Amy Dresner. Hachette, $27 (256p) ISBN 978-0-316-43095-1

Dresner, a former stand-up comic and current contributing editor for The Fix, writes about her recovery from drug and alcohol abuse with honesty and irreverent humor. Dresner hit rock bottom when she pulled a knife on her husband while high on OxyContin in 2011. She was charged with domestic violence, sentenced to community service, and was admitted into a chic Hollywood Hills rehab. Dresner’s narration of her messy recovery (she eventually got kicked out of the posh rehab, went on Medicaid, and developed an addiction to Tinder) is interwoven with insights she gains as a recovering addict: “With drugs, you can circumvent all the productive work and fulfilling relationships that you’d normally need in order to have a feeling of wholeness in your life.” While cleaning syringes and human waste off Hollywood Boulevard as part of her community service, Dresner decided to seriously rethink her life. She finds humor in the darkest moments of her addiction and recovery: “Running a women’s sober living [home] is not easy. It’s like herding cats... if the cats were on heroin.” Readers meet Dresner at her worst, but she nevertheless charms throughout her healing. Agent: Peter Steinberg, Foundry Literary + Media. (Sept.)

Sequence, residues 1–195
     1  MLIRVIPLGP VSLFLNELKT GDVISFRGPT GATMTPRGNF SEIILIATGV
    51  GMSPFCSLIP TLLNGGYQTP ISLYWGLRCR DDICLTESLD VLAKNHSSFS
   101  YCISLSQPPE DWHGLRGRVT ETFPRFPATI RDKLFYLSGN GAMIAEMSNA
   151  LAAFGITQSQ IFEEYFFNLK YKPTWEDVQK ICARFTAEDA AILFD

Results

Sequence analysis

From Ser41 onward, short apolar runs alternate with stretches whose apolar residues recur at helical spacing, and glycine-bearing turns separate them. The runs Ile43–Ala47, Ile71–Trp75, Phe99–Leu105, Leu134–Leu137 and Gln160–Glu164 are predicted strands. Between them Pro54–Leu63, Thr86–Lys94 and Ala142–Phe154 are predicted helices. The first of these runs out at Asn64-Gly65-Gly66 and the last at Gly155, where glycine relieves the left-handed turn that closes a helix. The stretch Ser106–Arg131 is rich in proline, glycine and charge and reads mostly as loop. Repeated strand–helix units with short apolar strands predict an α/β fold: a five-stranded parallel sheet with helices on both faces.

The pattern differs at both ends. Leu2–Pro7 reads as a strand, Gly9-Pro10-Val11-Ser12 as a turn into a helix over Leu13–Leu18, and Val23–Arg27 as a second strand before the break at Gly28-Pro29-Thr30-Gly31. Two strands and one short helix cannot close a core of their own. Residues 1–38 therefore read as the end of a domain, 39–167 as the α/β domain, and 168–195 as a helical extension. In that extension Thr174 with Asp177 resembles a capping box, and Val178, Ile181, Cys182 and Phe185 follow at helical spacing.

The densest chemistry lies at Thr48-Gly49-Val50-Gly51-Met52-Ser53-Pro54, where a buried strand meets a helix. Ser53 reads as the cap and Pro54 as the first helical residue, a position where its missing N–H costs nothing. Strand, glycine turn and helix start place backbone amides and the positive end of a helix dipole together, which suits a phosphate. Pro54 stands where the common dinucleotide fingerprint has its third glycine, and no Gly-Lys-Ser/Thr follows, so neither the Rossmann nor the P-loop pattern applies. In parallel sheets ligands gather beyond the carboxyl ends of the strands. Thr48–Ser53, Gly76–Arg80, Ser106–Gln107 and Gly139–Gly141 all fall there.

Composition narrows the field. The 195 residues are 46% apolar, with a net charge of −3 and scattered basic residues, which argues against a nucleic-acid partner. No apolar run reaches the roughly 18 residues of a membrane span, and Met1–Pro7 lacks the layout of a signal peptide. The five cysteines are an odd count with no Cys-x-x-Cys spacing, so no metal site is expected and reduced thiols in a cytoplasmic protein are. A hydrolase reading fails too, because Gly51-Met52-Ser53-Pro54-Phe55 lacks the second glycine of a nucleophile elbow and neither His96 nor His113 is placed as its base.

Reviewed on 06/23/2017 | Details & Permalink

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Light the Dark: Writers on Creativity, Inspiration, and the Artistic Process

Edited by Joe Fassler. Penguin, $17 trade paper (352p) ISBN 978-0-14-313084-0

Asking writers to write about writing is a fraught proposition (is there anything new left to say?), but editor Fassler (Night Music) includes many gems among this anthology’s 46 entries. Using the approach that he developed for the Atlantic’s online series “By Heart,” where some of these pieces were first published, Fassler asks each writer to find a life-changing passage of literature and make a case for why it matters. The collection’s best essays soar; they include Mary Gaitskill on a scene from Anna Karenina, Tom Perrotta on Our Town’s sense of ordinariness, and Ayana Mathis on James Baldwin and race. Stephen King, as always, is masterful on writing’s nuts and bolts, in this case writing about a novel’s opening sentence. The strongest essays focus on close readings of texts. Weaker essays become about the author and meander into clichés, such as that writing takes courage or that writers must trust themselves. The book would have benefited from brief author bios: not every writer is a household name. Nevertheless, the essays’ variety and the heart and intelligence evident in many of them add up to a valuable book, one that leads readers back to treasured classics and forward to the works of these contemporary authors. Agent: Ellen Levine, Trident Media Group. (Sept.)

Reviewed on 06/23/2017 | Details & Permalink

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Lessons for Non-profit and Start-up Leaders: Tales from a Reluctant CEO

Maxine Harris and Michael B. O’Leary. Rowman & Littlefield, $34 (188p) ISBN 978-1-4422-7653-6